Stroke is the fifth leading cause of death in America and a leading cause of adult disability. A stroke is caused when the blood supply to an area of the brain is cut off. Brain cells are deprived of oxygen and begin to die. There are two major categories of stroke:
- The most common type of stroke (an ischemic stroke) occurs when a blood vessel carrying blood to the brain is blocked by a blood clot. High blood pressure is the most important risk factor for this type of stroke.
- A less common type of stroke (a hemorrhagic stroke) is caused when the walls of a blood vessel burst or leak. Blood spills into or around the brain and creates swelling and pressure which damage brain cells and tissue.
Prompt identification and treatment of a stroke is critical to save lives and to improve the quality of life after a stroke. If detected and treated within 3-4 hours, a blood clot can be dissolved by certain medication. Larger clots, or those not treated within 3-4 hours, may be removed using a wire coil within a catheter that is threaded through an artery to the location of the clot. The coil expands, captures the clot and is then removed from the brain.
If not immediately treated, stroke can cause permanent damage to the brain causing impaired speech, the inability to bathe and dress oneself, difficulty in eating and swallowing and incontinence.
Our caregivers are trained to assist stroke patients with the Activities of Daily Living such as transfers and ambulation, bathing, dressing, eating and toileting. In addition, our caregivers can assist with range of motion exercises when medically necessary therapy coverage is exhausted.
Memory Care Experts in Kansas City
Dementia is a general term for a decline in mental ability severe enough to interfere with daily life and includes specific diseases of the brain such as Alzheimer’s, Vascular Dementia, Lewy Body Dementia, Parkinson’s and others. People with dementia may:
- experience short-term memory problems
- have difficulties remembering dates and appointments
- get lost when traveling away from home
- be unable to perform daily tasks such as planning and preparing meals or paying bills.
Routine and familiar surroundings are key staples in caring for an individual with dementia. The ability to remain in one’s own home with keepsakes and family pictures gives the dementia patient a sense of comfort and security. Removing a dementia patient from their home will likely trigger a sense of confusion and agitation. For these reasons, home care is an excellent option for those afflicted with these cognitive impairments.
Our caregivers at Elder Care recognize that dementia will affect each client in a unique way. The impact on each family member will differ as well depending on their understanding of the disease and their interactions with their loved one. As a result, we will focus on developing an individualized Plan of Care for each client based on their specific stage of dementia and symptoms. Depending on the individual client’s circumstances, our Care Plan may include any number of the following elements:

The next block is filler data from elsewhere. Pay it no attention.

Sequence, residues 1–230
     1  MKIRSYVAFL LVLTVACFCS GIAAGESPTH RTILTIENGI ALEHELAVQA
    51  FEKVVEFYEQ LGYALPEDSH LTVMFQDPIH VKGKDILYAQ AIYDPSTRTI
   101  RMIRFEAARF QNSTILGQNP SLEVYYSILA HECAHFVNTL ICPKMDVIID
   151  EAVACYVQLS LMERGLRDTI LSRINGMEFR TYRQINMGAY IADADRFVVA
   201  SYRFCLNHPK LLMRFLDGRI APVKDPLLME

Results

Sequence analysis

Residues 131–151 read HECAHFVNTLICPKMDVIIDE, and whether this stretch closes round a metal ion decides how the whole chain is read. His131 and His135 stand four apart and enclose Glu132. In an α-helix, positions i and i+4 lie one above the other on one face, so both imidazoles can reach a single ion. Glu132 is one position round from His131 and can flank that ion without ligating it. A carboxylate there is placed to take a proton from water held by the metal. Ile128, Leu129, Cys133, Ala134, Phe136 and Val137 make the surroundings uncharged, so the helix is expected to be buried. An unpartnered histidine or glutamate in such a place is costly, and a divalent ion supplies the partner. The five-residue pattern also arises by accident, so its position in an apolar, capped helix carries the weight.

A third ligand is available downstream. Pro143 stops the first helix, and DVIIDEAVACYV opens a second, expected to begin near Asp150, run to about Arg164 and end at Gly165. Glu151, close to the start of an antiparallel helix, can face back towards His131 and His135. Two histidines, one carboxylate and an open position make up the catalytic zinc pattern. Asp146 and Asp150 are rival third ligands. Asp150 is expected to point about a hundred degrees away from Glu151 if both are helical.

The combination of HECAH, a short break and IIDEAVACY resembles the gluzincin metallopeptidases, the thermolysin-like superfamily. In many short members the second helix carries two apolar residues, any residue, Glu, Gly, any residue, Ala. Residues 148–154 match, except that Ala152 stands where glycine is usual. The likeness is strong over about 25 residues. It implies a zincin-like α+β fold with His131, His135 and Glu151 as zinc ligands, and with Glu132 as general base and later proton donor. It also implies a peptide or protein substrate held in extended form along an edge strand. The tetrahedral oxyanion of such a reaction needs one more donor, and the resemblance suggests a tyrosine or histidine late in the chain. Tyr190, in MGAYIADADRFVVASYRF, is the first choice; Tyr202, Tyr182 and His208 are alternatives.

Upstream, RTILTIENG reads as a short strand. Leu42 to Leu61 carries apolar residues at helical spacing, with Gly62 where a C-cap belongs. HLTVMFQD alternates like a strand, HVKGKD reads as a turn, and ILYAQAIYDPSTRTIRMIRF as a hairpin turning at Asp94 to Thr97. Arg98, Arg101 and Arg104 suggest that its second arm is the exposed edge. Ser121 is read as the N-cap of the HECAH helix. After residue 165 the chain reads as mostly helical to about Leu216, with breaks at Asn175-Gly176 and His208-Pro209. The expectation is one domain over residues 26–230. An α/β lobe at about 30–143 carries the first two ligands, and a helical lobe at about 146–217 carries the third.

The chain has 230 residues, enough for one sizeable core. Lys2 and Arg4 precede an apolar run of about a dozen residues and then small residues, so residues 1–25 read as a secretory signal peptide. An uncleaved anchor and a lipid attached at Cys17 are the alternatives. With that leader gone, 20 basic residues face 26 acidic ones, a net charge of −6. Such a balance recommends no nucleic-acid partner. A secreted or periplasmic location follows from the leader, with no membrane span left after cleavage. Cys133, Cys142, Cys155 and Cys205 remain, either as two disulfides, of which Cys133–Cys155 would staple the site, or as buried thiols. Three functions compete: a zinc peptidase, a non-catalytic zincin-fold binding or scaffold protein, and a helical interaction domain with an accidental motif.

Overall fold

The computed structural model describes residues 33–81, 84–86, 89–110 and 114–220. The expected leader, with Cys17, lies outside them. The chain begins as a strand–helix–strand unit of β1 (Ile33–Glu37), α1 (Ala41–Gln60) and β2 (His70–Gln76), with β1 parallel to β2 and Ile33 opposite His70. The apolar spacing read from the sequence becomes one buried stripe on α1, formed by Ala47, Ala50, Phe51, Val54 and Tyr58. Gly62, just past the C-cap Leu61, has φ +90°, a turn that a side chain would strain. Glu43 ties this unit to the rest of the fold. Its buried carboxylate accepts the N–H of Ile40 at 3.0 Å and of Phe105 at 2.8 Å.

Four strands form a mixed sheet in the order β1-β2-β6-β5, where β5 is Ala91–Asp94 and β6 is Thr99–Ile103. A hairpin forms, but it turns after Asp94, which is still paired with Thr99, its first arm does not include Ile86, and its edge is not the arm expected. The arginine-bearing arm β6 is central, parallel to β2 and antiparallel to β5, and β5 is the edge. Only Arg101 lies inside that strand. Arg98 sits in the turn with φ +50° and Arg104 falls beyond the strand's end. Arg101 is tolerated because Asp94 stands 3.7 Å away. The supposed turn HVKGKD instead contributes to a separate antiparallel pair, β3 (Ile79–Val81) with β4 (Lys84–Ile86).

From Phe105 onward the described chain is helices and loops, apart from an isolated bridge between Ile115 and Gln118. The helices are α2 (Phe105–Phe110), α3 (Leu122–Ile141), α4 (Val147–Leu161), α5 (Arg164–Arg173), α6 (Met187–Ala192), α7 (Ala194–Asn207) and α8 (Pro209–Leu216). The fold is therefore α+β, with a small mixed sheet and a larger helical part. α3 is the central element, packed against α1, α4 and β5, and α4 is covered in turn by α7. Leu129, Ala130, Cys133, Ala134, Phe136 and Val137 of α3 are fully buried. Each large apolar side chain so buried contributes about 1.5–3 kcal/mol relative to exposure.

- providing a daily, structured routine
- encouraging mind or memory stimulating activities
- fostering social interaction
- supporting the client’s independence
- providing a calm atmosphere
- managing behaviors that may change over time
- supporting family members
The following web sites provide a wealth of information that can help family members understand the disease and cope with the changes that are taking place in the lives of their loved one.
Alzheimer’s Association-Heart of America Chapter
Lewy Body Dementia Association
Hospice Support & Respite Care
Hospice care is focused on caring – not curing. In the vast majority of cases, hospice care takes place in the patient’s home. A multi-disciplinary team consisting of a nurse, a home health aide, a social worker and a counselor typically are assigned to each hospice patient. The hospice team prepares a care plan that meets the patient’s needs for pain management and symptom control. Hospice team members typically visit the patient with the following frequency:
- Nurse – once per week to daily
- Home Health Aide – twice per week
- Social Worker – as needed
- Counselor – as needed
Respite care can be defined as relief from caregiving duties when you’re looking after a loved one who requires frequent, monitored care. Caregivers who tend to seniors are often in need of a little time off from their round-the-clock caregiving. Respite care helps ward off the burnout that can leave caregivers depressed, stressed out and exhausted.
Elder Care caregivers stand ready to assist in caring for a loved one when family members are working or simply need a break to relax and recharge.
The National Hospice and Palliative Care Organization is a good source of information to help family members understand hospice and palliative care.
24 Hour Care
If your loved one requires round the clock care, we have the staff and resources to provide 24/7 assistance.
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